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Medium-sized enterprises miss German strategy for Africa
So far, a mere 8,000 of Germany’s 3.6 million enterprises have invested in Africa. It is above all small and medium-sized enterprises that have difficulties with investing in African countries. There are several reasons for this, and they were discussed at a workshop that was held during the 5th Stuttgart Forum for Development in late October. The one-day congress was organised under the motto “Joining forces makes a difference. Working together for Agenda 2030”.
“Today, we live as if our lives were centred on the economy,” said Club of Rome Secretary General Greame Maxton in his keynote speech. He called for a new, sustainable economy, but also left no doubt that it would be significantly more expensive than the current one, and added that “it needs the support of the government, and it needs political leadership”. Furthermore, Maxton explained, this required a stronger balance between the economy and society.
Management and labour to trigger developments
A more balanced relationship between the economy and society was also the topic of Benjamin Wolf, Managing Director of the Stuttgart-based Stay Foundation. This still young foundation is pursuing an approach of its own in promoting development in Africa. Its activities focus on the social entrepreneurs, well-trained locals who set up their own organisation and have been running it for years. With their activities, they are the precondition for development that is sustainable. Stay Alliance Uganda is a project in which the Foundation can consistently implement its principles. “Fredica Baguma is a social worker holding a Master’s degree. After her studies, she returned to her region, where she has since set up 70 women’s groups, each of which has 25 to 30 members,” Benjamin Wolf explained. “She is an employer, she is a social entrepreneur, and she has taken on responsibility. And she is a woman who is typical of the people we work with. These individuals are the key figures, socially oriented true entrepreneurs. They come from the country itself, they are familiar with its culture, and they speak the local languages. If we want development the results of which are meant to stay, then we have to work with these people.”
Stay Alliance Uganda comprises a current total of 32 social entrepreneurs working in the fields of health, education, income, human rights, environment and infrastructure. They co-operate with one another, give each other advice and communicate best practices. They run training programmes, award grants and independently administrate their project funds. “We are developing the Stay Alliance in co-operation with enterprises here in Germany,” Wolf explained. He stressed that enterprise seeking to invest in Africa could also take advantage of the Stay Alliances which already exist in several countries to gain access to the market.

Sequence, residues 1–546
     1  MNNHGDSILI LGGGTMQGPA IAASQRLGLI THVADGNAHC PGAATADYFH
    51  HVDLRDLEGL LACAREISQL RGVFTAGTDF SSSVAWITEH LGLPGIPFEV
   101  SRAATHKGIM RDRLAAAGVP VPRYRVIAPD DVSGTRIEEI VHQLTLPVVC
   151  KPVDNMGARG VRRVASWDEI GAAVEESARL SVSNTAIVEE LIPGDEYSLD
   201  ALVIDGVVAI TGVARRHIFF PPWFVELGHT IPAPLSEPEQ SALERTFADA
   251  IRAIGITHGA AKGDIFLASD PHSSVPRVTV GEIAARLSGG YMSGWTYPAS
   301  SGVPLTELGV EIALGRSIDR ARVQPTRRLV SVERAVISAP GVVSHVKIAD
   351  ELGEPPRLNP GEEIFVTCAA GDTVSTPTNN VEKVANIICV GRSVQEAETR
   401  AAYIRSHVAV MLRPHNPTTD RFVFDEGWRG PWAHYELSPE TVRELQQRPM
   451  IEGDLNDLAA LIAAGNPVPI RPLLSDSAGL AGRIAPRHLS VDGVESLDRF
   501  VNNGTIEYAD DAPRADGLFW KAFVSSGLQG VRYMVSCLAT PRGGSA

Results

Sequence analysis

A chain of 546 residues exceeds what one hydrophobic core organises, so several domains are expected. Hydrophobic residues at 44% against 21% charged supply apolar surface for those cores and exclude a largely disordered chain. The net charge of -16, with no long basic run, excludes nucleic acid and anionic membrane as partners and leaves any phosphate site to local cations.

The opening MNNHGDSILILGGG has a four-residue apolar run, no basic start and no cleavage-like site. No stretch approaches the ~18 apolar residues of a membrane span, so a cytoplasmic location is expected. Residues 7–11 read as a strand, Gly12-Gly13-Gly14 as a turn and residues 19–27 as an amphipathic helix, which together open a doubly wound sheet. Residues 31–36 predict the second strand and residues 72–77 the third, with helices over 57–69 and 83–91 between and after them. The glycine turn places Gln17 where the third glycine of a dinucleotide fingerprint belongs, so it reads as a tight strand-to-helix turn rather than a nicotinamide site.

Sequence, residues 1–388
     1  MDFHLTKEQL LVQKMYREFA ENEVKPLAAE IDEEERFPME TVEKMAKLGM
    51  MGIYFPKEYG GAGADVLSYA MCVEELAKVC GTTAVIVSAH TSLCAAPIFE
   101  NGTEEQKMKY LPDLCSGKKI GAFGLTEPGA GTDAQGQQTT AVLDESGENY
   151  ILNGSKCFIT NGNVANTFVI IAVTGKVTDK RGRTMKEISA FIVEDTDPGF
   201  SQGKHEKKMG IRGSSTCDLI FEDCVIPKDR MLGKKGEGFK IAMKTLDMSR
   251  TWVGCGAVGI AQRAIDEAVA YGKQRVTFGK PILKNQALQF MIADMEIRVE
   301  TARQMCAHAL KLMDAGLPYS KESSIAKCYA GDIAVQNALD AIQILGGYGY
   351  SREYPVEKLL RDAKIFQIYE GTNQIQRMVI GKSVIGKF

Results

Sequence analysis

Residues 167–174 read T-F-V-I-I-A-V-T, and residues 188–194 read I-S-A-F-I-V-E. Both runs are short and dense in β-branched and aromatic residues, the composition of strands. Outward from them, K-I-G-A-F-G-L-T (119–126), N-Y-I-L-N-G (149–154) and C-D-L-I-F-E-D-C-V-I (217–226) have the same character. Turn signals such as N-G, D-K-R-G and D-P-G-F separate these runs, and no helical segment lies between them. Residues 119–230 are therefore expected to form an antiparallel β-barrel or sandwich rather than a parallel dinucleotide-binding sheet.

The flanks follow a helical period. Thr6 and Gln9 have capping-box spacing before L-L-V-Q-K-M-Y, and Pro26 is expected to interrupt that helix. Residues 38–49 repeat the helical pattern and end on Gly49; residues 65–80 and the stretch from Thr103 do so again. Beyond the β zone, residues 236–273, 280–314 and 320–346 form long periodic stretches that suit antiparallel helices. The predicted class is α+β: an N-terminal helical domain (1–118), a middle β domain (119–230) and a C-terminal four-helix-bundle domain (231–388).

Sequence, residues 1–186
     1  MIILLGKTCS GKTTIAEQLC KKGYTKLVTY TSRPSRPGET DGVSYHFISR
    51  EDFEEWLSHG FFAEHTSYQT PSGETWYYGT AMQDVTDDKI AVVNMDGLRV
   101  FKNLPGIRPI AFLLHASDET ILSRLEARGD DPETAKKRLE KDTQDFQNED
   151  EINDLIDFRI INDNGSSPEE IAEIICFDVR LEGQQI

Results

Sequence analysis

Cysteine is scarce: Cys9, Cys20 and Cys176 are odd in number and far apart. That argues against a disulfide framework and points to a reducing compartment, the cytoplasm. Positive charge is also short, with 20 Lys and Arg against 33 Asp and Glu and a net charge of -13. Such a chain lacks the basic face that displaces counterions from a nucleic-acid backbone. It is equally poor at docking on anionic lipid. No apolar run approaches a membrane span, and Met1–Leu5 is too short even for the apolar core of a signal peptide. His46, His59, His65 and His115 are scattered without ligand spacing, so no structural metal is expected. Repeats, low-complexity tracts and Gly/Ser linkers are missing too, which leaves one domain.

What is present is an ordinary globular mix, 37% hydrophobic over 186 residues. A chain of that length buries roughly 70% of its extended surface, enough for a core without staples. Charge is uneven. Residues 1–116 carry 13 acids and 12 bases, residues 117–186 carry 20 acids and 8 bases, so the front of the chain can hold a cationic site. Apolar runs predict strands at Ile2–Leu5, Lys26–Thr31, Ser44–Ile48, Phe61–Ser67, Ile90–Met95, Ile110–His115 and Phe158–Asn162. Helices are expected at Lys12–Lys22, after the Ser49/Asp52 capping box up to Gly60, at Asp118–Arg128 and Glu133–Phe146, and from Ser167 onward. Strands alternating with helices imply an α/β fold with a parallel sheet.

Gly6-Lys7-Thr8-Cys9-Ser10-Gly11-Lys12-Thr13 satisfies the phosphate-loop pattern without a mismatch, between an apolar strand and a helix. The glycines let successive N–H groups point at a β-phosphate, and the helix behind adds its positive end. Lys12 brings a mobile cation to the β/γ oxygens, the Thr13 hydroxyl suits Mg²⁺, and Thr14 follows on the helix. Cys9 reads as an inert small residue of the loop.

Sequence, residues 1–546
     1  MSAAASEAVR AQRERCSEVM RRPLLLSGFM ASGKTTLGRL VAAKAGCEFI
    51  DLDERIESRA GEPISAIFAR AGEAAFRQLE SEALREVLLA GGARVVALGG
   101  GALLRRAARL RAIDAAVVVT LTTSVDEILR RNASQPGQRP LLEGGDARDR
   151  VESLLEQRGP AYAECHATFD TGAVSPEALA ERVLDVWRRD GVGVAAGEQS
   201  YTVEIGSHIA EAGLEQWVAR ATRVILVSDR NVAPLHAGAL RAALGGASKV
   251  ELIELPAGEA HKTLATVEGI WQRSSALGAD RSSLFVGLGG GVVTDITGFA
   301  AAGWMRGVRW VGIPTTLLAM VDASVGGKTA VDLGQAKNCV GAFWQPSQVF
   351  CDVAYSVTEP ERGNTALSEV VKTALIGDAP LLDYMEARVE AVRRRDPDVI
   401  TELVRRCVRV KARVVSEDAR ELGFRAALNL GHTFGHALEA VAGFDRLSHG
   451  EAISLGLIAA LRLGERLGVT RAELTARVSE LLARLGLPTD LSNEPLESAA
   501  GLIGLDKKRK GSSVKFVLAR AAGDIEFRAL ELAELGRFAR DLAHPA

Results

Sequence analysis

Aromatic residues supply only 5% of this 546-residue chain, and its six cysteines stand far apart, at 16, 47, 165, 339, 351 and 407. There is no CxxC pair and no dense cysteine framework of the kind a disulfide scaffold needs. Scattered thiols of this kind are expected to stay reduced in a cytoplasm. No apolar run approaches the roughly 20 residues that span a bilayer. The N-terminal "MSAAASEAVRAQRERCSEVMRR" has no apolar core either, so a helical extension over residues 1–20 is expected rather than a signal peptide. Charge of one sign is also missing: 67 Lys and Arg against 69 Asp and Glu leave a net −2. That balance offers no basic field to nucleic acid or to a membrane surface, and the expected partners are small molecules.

Local creation of value is a success criterion
The Baden-Württemberg medium-sized entrepreneurs attending the event agreed that medium-sized enterprises were indeed facing difficulties in Africa. One could only engage in “Wolf Projects”, said Rainer Mertes, an associate of the Stuttgart architecture firm knaus mertes architekten, alluding to the Stay Foundation. “For a business will not be successful economically in the short term in Africa,” Mertes claimed. Promoting the local structure had to be at the forefront of efforts, which also meant that one had to produce locally, and together with the enterprises there.
Local creation of value and the promotion of local markets are two key success criteria for the sustainable and long-term establishment of medium-sized German enterprises in Africa. Other criteria that are crucial to business success include the education and training of the workforce and the creation of high-value jobs, as Catherine Adelmann of fosera GmbH stressed. This enterprise manufactures Pico Solar Home Systems. Production is run in Kenya and Ethiopia. “Our products have clearly been designed with a view to helping people,” Adelmann said. “This means that we also have to create high-value jobs at local level. What is more, ‘Made in Ethiopia’ is a great advantage, and so is locally provided maintenance.” fosera works with local staff and produces locally as much as possible. “Both our staff and our clients benefit from this, and so do we as an enterprise,” Adelmann explained.
Suitable financing instruments are lacking
The young entrepreneur financed the production site in Ethiopia with German money, especially via the Up-Scaling Programme of the DEG (“Deutsche Investitions- und Entwicklungsgesellschaft mbH”). In Africa, interest levels are very high. Moreover, it is difficult for foreign businesses to obtain money from African banks. In Germany as well as in Africa, there is a lack of suitable financing instruments. Medium-sized enterprises regard both the Up-Scaling Programme and the develoPPP.de Programme of the German Federal Ministry for Economic Cooperation and Development (BMZ) as insufficient. In Stuttgart, they called for a long-term partnership with the BMZ and economic support for smaller enterprises. They complained that German export financing was not successfully meeting the demands of the African middle classes. “As long as we can’t develop demand in Africa, there won’t be any development,” Jürgen Raach, Managing Director of RAACH SOLAR, stressed. Raach has been active in Africa for 25 years. “I can’t recognise any German strategy for Africa,” he told the meeting.
This year’s Stuttgart Forum was organised by “Stiftung Entwicklungszusammenarbeit Baden-Württemberg (SEZ)” in co-operation with “Engagement Global”.
Beate Wörner, journalist, Fellbach/Germany
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